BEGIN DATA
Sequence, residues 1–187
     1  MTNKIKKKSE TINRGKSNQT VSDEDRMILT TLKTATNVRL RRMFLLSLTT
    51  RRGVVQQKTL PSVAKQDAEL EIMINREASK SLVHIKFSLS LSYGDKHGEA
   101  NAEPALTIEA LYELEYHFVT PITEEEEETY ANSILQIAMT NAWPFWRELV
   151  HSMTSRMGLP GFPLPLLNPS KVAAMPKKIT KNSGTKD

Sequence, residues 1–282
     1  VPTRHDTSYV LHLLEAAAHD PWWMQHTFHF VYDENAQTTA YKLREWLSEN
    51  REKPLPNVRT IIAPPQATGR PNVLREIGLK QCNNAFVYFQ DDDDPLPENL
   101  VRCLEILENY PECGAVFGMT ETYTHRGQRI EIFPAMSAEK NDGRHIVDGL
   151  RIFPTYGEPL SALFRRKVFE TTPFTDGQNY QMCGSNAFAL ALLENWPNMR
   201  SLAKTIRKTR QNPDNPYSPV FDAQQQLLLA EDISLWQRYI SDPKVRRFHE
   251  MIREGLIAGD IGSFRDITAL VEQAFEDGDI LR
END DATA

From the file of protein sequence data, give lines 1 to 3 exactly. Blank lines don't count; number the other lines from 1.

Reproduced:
Sequence, residues 1–187
     1  MTNKIKKKSE TINRGKSNQT VSDEDRMILT TLKTATNVRL RRMFLLSLTT
    51  RRGVVQQKTL PSVAKQDAEL EIMINREASK SLVHIKFSLS LSYGDKHGEA